“From Qaddafi to Castro, the celebrities Barbara Walters has interviewed throughout her career are an encyclopedia of our time.” So we are told on the table of contents page of the current issue of Vanity Fair .
There are many ways to answer this rather breathtaking assertion, but it is probably best to keep it simple for the benefit of those unfortunates whose brains have been damaged by the twin disablers of irony and fame-worship.
In referring to Col. Muammar Qaddafi and Fidel Castro as “celebrities,” the Vanity Fair caption writer has accorded two repressive and ruthless dictators a status usually associated with pop singers, movie stars, professional athletes and the occasional overambitious slick-magazine writer. Those in the know will argue that this is a distinction without a difference. But everyday readers, not privy to the behavior of singers, movie stars, athletes and overambitious writers but fairly informed on the ways and means of dictators, might well wonder exactly when those cutthroats (Colonel Qaddafi and Mr. Castro, that is) were given a pass into that secular heaven known as celebrity.
The answer, of course, is that the arbiters of fame long ago gave up making distinctions, choosing instead to celebrate fame for its own sake. It no longer matters very much how you became famous, as long as you are and remain that way. The Nazis were among the most famous political organizations in the 20th century, noted for the slaughter of 6 million Jews during a world war that killed millions more. They wore some nifty uniforms in the course of their work, so when the nonjudgmental types at British GQ put together a list of fashionable people in the 20th century, they included the Nazis. And when the nation’s gossip pages across the nation picked up on the ensuing outcry, well, there was Field Marshal Erwin Rommel’s name, printed in boldface more than a half-century after his suicide!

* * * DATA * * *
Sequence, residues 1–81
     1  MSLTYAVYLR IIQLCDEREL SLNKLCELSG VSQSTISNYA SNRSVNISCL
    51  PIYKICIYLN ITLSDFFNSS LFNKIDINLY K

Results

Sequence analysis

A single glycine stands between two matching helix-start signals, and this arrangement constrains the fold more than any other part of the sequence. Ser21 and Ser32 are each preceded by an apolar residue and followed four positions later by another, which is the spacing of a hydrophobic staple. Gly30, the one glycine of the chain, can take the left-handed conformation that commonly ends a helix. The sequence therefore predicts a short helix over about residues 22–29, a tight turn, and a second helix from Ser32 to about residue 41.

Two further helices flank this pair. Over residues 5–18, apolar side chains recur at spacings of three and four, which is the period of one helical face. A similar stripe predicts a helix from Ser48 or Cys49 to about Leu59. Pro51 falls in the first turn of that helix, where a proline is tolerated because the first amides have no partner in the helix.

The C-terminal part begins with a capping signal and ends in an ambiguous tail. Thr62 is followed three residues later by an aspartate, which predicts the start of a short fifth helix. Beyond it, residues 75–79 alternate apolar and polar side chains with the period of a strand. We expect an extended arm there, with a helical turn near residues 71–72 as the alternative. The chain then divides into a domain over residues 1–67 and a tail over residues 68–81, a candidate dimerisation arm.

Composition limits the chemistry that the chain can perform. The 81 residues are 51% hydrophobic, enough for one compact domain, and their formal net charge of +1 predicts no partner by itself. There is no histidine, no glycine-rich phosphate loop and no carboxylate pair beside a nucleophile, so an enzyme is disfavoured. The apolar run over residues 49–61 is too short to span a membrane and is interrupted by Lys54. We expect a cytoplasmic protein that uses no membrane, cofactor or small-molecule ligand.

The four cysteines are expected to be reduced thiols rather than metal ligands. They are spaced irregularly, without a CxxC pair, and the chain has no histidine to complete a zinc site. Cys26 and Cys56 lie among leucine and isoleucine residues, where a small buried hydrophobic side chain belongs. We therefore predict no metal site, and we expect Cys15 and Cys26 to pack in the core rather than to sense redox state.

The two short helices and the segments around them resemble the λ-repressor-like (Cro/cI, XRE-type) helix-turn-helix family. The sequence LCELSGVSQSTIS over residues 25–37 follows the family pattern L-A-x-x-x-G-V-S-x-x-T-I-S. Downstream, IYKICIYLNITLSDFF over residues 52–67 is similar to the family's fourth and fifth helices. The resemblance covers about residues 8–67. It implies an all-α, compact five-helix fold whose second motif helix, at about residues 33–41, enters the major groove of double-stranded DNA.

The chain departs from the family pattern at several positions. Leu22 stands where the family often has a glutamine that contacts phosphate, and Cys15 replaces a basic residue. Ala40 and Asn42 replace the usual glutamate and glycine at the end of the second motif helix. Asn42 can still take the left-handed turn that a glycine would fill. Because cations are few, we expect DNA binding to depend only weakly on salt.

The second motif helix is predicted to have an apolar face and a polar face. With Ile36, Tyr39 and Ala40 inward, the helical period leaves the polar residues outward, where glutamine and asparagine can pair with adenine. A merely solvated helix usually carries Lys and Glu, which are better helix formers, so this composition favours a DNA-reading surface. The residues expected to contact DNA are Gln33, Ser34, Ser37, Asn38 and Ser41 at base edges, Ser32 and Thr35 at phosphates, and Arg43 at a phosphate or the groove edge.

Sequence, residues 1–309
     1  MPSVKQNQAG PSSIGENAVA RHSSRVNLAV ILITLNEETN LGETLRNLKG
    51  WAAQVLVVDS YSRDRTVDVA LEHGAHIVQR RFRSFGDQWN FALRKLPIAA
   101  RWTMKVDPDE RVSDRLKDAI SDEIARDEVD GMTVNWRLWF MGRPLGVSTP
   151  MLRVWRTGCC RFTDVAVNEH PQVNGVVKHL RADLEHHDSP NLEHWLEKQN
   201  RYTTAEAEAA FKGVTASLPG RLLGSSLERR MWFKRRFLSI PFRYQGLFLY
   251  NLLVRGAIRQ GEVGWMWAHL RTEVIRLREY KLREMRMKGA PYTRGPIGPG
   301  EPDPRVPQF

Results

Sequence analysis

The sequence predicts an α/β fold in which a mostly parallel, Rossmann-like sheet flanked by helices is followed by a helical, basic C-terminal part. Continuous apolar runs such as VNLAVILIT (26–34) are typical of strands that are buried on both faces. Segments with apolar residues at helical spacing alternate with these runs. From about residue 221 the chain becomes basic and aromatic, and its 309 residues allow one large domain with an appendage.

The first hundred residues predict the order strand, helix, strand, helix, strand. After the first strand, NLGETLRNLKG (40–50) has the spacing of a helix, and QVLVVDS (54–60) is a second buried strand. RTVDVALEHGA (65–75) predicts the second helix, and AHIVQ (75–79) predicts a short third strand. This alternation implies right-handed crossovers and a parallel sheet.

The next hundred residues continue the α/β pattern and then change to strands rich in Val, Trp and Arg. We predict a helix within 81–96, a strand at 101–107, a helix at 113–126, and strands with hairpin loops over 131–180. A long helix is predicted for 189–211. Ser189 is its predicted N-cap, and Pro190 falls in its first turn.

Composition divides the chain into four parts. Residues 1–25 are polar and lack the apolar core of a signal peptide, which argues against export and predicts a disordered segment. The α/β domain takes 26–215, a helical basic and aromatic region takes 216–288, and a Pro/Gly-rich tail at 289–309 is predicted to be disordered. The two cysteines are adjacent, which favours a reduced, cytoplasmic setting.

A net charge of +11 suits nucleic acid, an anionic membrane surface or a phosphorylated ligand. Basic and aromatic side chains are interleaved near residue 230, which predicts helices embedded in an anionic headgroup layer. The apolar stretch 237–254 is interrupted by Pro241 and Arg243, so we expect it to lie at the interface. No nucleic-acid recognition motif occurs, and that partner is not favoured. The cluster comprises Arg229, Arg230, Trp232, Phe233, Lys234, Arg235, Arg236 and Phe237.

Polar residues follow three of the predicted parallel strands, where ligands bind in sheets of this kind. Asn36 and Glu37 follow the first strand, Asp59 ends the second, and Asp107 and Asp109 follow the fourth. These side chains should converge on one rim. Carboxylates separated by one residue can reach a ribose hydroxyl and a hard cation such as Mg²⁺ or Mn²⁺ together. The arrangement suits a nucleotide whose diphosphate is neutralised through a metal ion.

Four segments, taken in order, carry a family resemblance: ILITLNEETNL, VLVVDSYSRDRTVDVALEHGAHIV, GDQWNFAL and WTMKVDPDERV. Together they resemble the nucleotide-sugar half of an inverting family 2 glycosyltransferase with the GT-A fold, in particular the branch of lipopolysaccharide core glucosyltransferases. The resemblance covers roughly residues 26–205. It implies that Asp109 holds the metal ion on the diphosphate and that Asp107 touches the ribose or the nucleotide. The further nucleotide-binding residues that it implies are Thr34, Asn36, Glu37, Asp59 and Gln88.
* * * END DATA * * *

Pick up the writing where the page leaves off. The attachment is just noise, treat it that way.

It is very noble and so very generous of fame’s arbiters to be as inclusive as possible, to put aside personal biases (a distaste for mass murderers, a prejudice against tyrants) when deciding who shall be raised above mere mortals. And it is quite useful and indeed admirable that these noble and generous people have emptied their brains of any knowledge of history (except, perhaps, to recall famous events in the history of fame-the death of a princess in a car crash, the debut of a pop album, the day Titanic opened in theaters) and have purged their souls of anything resembling, dare one say it, morality.
Take, for example, the description of Colonel Qaddafi and Mr. Castro as “celebrities.”
Colonel Qaddafi is the dictator of the desert nation of Libya, which is located in North Africa, which is where Field Marshal Erwin Rommel won his claim to fame. (Fame and celebrity come full circle!) Africa is the continent at the southern end of the Mediterranean Sea. Alas, it cannot be seen from the best nightspots, casinos and beaches along the northern coast of the Mediterranean, but it is, in fact, there. And from this desert nation, Colonel Qaddafi has carried out a policy that has become known as state-sponsored terrorism, which sometimes ends in the deaths of innocent civilians (the victims usually are not very famous, which may account for the lack of outrage in certain precincts). It was generally believed that Libya had something to do with the bombing of a Marine barracks in Beirut, a city in Lebanon, in 1983. The bomb killed more than 250 Marines (none of them celebrities). And, at the moment, Colonel Qaddafi is refusing to allow two Libyans accused of hideous terrorism to be brought to justice. The Libyans are thought to have planted a bomb aboard Pan Am Flight 103, which blew up over Scotland, killing nearly 300 people. (Nobody famous was on board.)
The preceding paragraph does little justice to Colonel Qaddafi, for he could claim responsibility for many other atrocities against the not-very-famous. But in the eyes of the slick-magazine world, he is just another celebrity-actually, more than just another celebrity. He is a celebrity who has been interviewed by Barbara Walters!
As for Mr. Castro, well, where to begin? He has censored the press, oppressed political opposition, banned the practice of religion, given safe haven to terrorists, fomented Communist revolutions in Latin America and refused to submit to genuine democracy. He has become famous for these acts, and therefore he is a-celebrity! Hurray!
This sort of thing could happen only in the upper echelons of baby-boomer-controlled media, where those who take anything seriously are considered suspect. Boomers in high-end media jobs tend to be disillusioned liberals turned nihilists, who now believe in nothing save fame and fortune. And it is they who are instructing a new generation.
It is just a matter of time before we see the names of Hitler, Stalin and Mao popping up in the gossip pages or striking a pose in a fashion magazine. Why not? Are they not famous?